The pipe organ is the largest in New York City, and one of the ten largest in the world. I didn’t know this when I sat there yesterday, as that was the first time I’d even been in the church. “Byzantine” didn’t even click in my mind, yesterday as I sat between my sister and her friend, Yoshiko, but I was certainly thinking “icons” (“iconoclasm”), “Greek Orthodox,” and even “Russian,” the conjunction of which all but added up to Byzantine. But didn’t. This was, after all, an Episcopal Church, no?

Yes.

The Wikipedia tells me that it is this parish that brought Leopold Stokowski from Europe in 1905 to be its organist and choir director.

Holy crap! says I to myself, no way!

Way.

Stokowski went on to direct the Philadelphia Symphony Orchestra, and had become something of a celebrity when, over 30 years later, he ran into Walt Disney at a restaurant in Los Angeles. Walt invited him over to his table and Fantasia was hatched. Not then and there, mind you, it took awhile. But that’s when the wheels started turning.

Walt’s father, Elias, had been one of many carpenters who worked on The Chicago World’s Fair in 1893. And that fair featured a Japanese exhibit and pavilion on a small 16 acre in a lagoon. It was the unexpected hit of the fair and the first time most Westerners had had any contact with the Japanese, who’d only recently been subject to forced entry by Admiral Perry in 1853. Continue reading

Truth and Tradition in Disney’s Dumbo

25 Jun

Several years ago I sent a long email to Mike Barrier, the animation historian, about Disney’s Dumbo. I couple days later I noticed that he’d posted it on his website, along with some frame grabs he’d added. I’m now reposting that essay here.

That’s all well and good, you say, but what has THAT got to do with Truth, Tradition, and the American Way?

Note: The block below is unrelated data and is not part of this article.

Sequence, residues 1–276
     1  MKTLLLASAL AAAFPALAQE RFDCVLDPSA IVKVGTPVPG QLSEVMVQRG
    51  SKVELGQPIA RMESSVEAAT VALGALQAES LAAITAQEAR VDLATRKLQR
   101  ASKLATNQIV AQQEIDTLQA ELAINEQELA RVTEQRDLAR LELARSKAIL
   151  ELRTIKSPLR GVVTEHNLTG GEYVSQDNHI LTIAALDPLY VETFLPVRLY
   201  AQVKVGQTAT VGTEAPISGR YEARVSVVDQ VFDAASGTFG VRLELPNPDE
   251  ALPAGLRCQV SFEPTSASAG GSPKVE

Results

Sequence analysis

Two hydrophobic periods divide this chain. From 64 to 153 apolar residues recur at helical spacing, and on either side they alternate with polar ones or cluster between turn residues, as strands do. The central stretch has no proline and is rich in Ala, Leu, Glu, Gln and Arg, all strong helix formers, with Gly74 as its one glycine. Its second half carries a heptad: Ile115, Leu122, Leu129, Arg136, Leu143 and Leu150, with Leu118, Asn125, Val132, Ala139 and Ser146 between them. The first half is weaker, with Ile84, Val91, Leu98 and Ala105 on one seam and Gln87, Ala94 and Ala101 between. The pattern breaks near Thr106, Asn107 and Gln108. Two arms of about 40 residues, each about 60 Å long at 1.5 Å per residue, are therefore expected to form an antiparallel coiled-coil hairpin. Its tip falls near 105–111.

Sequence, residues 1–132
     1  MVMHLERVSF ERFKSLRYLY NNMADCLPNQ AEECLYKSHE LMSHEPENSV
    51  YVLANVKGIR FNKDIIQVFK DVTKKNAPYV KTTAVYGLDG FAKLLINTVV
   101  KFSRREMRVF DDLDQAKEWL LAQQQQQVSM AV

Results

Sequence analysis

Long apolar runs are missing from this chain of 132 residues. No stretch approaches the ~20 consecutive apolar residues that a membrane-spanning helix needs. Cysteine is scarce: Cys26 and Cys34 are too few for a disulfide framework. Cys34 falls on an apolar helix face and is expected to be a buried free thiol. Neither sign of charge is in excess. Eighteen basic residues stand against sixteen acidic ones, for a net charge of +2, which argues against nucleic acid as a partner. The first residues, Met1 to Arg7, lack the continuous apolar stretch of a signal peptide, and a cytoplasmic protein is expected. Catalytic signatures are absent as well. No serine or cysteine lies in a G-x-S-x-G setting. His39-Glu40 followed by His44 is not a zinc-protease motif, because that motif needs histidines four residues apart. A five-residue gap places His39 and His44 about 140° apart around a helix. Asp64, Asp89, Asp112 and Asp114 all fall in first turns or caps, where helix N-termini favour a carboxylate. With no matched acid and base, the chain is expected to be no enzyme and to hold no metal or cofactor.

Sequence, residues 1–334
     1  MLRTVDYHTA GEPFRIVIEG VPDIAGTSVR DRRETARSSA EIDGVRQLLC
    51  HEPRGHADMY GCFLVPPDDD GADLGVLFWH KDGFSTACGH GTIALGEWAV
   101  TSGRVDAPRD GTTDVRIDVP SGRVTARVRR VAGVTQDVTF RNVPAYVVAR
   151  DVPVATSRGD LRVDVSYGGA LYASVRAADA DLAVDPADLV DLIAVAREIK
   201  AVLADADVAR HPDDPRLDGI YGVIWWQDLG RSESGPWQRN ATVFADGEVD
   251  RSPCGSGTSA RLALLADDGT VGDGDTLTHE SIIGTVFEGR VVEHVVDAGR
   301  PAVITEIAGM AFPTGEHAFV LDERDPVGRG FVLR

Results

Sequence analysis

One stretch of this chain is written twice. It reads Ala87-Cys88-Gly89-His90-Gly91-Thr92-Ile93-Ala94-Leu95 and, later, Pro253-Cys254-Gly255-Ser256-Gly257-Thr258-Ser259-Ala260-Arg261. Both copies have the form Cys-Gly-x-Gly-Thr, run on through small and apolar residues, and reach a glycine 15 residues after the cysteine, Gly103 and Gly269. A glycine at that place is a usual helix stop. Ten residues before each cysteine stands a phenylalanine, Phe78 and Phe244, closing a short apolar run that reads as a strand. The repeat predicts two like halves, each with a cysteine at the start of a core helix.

Everything, I say, well, not everything, but a lot. Which I explain in some detail in the analysis. But I’ll give you a little taste here and now.

In the first place that film reaches deep into American myth and lore: trains, the circus, the value of labor. Yes, the value of labor, in Dumbo. The tent-raising scene is stunning, showing hard-working men. AND animals, because the animals helped raise the tent as well. So we’ve got cross-species solidarity. Further, those workers and animals are skeptical about management, deeply skeptical. Yet management, then as now, is sneaky.

Sneaky sneaky sneaky!

The film depicts managment manipulation of workers to set them at odds with one another. We see scapegoating in action. Poor little Dumbo is made to take the fall for managment greed and stupidity. Let me repeat that: Dumbo is made to take the fall for managment greed and stupidity.

And you know how Dumbo gets out of it? Interspecies solidarity with Timothy Mouse and with a mess of jivometric crows. Those crows teach Dumbo about the importance of groovology. There is nothing so deep and traditional about America as groovology, groovology of all sorts. Why, the first book published in America was a hymnal. What’s hymn singing but Groovology 103?–patty cake is Groovology 101 and double-dutch is Groovology 102.

I’ve gone on enough setting up this thing. Read review, watch the movie, and ask yourself: Could this film be made in American today and now with the 1% lording it over the 99%?

DUMBO MOM AND CHILD